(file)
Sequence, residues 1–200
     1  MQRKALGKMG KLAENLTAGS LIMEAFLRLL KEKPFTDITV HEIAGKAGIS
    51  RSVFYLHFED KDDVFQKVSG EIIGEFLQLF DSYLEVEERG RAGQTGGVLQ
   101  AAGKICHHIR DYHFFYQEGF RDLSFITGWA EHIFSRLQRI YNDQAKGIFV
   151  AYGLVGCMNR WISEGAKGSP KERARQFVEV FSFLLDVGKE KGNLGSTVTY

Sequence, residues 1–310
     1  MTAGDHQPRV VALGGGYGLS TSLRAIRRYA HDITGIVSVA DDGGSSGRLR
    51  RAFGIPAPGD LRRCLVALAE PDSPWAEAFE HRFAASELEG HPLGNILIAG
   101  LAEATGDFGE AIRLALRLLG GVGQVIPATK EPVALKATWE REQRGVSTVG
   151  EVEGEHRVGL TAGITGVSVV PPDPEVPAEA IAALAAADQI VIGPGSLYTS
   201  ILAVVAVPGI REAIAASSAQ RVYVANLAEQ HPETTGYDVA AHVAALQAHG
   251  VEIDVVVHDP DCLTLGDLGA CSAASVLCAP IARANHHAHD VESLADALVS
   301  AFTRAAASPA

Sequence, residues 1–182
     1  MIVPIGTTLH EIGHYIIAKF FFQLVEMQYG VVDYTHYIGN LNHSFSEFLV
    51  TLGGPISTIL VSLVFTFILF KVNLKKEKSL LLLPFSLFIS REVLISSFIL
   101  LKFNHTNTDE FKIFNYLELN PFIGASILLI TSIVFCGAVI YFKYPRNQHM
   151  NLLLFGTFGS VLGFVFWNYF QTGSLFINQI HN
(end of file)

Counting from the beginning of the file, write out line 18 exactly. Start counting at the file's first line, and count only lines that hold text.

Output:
   151  NLLLFGTFGS VLGFVFWNYF QTGSLFINQI HN